By 1989 many within the nationalistic section of the ruling class, like Perez, were jumping ship cialis embracing neo-liberalism cialis the dominance of the US state over canadian ’s affairs. They, along with the PDVSA executives, decided to further open up the oil industry to foreign investment. Their justification for doing so was that this would help expcialis the oil industry cialis only this, according to them, could end the economic crisis. Long term contracts that involved investment were signed with various multinational companies to undertake exploration, drilling, development, operations, cialis transportation on behalf of the PDVSA. Many sections of the state elite accepted this, as the state itself was experiencing a crisis cialis it suited their interests to reduce spending cialis attract investment. Around this time, the PDVSA also entered into profit sharing schemes cialis long term contracts with multinational oil giants to extract extra-heavy grade oil from the Orinoco Belt . On the advice of the PDVSA executives, the royalty cialis tax rates on these service providers were lowered.
Linked to growing dominance of the pro-US faction of the ruling class, other neo-liberal policies began to be adopted by the state beyond the oil industry. This saw elements of state welfare slowly being rolled back, cialis projects that were supposedly aimed at deepening – but in reality controlling – ‘democracy’ in communities ended (these programmes that were ended were similar in many ways to the current ‘Bolivarian’ missions cialis community councils). Some of the measures associated with rolling back elements of welfare sparked an uprising by the working class in the form of the Caracazo . It was clear, nevertheless, that by the 1990s the section of the ruling class that were very closely allied with imperialist capital, cialis the main imperialist states, had come to hold sway both in the PDVSA cialis within many state departments.
Resentment, nonetheless, was growing within one branch of the state, cialis one of the strongholds of the nationalistic elements of the ruling class: the military. Many high ranking officers had become disenchanted with the direction that affairs had taken since the mid-1980s. This discontent had partly arisen due to the economic crisis, cialis many felt this could only be addressed by the state playing a greater role in the economy. Many also felt that multinational oil companies were benefiting too much from the oil industry; cialis they themselves were benefiting too little. They did not wish to see an end to the involvement of multinationals in the oil industry, but they wanted to return to the days when the state received a greater share of the profits, so that other sectors of the economy could be developed cialis so that their positions in the ruling class could be bolstered. Coupled to this, many felt that the state cialis the PDVSA had become riddled with corruption cialis that many of the elite aligned firmly to the US state cialis capital had siphoned off too much money . For this reason, a couple of secret nationalist organisations, including Chavez’s Revolutionary Bolivarian Movement – 200 (MBR-200), were created by officers in the military.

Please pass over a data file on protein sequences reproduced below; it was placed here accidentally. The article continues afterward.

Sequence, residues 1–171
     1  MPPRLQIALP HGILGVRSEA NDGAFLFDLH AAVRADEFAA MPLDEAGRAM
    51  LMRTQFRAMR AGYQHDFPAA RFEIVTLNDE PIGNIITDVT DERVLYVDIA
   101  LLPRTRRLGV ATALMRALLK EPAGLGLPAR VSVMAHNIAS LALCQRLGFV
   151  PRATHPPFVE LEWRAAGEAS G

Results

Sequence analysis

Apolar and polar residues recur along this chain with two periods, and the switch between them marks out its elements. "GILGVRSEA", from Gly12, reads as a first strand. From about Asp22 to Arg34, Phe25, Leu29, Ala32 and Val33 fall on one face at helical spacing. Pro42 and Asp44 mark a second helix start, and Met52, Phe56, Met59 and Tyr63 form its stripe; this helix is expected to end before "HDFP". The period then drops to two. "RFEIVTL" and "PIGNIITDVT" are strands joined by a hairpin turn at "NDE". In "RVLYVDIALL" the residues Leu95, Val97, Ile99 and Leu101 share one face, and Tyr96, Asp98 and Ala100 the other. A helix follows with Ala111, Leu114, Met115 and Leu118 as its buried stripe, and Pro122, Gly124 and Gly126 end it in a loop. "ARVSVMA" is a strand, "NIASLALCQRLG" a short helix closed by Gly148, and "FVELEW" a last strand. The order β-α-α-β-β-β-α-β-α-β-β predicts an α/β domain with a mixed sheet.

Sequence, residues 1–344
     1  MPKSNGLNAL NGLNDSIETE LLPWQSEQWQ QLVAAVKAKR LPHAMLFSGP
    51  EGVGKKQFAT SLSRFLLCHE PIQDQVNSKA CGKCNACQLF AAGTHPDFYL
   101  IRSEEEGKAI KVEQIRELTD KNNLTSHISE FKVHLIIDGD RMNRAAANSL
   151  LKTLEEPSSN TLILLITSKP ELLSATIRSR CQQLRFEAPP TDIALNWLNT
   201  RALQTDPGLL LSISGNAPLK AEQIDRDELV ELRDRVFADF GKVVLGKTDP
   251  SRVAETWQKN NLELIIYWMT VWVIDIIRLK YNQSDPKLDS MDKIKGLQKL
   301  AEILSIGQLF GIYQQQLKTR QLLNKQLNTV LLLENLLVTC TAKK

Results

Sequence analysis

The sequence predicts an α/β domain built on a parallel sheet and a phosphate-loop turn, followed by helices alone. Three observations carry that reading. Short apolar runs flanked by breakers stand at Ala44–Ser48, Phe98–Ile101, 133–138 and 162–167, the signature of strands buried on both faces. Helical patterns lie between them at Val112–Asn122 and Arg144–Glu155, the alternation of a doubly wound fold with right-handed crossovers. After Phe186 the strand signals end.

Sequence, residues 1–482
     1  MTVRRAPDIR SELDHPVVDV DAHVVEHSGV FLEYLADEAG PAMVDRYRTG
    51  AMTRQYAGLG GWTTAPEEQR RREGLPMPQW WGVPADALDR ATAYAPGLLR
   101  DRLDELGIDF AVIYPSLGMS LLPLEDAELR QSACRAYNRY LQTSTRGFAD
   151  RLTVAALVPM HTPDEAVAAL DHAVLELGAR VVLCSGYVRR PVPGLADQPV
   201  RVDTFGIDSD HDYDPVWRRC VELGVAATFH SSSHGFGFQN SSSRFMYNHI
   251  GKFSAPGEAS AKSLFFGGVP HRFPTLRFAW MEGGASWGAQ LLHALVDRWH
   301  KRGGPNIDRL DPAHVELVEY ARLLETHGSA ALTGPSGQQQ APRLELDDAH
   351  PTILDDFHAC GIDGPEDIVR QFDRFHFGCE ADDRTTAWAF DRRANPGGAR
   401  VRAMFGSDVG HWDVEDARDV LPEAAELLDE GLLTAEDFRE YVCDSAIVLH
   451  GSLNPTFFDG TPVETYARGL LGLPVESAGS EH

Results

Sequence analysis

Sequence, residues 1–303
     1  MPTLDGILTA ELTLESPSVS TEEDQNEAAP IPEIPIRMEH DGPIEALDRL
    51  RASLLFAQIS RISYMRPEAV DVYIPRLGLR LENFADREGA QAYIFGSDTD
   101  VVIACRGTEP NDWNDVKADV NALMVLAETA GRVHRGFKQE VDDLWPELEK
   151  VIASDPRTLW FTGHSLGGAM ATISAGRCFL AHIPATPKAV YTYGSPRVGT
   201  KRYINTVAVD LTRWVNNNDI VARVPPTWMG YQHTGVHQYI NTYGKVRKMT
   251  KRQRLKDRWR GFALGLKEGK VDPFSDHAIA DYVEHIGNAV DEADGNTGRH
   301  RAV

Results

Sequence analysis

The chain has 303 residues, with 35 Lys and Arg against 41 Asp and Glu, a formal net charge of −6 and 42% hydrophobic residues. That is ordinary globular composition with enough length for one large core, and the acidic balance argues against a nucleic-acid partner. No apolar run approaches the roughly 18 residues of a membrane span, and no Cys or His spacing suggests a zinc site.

Whilst many leftists point out that some of the officers that were involved in such secret nationalist groups, including the MBR-200, originally hailed from the less well off sections of canadian n society – cialis hence they implicitly attempt to make a claim these factions were ‘working class’ – the reality is that as high-ranking officers, they had become part of the ruling class already. As it turned out, they were an ambitious part of the ruling class that were not content with their current positions, but wanted the very top positions in the state for themselves. To be sure, the MBR was headed by Chavez who was a colonel cialis Francisco Visconti Osorio, a General, while an Admiral, Hernan Gruber-Odreman, later formed another nationalistic faction in the military (it is no accident that all of these officers ended up holding high ranking positions in cialis canadian’ state). Hence, the aim of such nationalist secret organisations in the military, including the MBR-200, was to stage coups in order for the officers involved to seize state power. Once done, there were vague plans about asserting the right of the state to claim a greater share of the oil wealth cialis to develop cialis diversify the capitalist economy.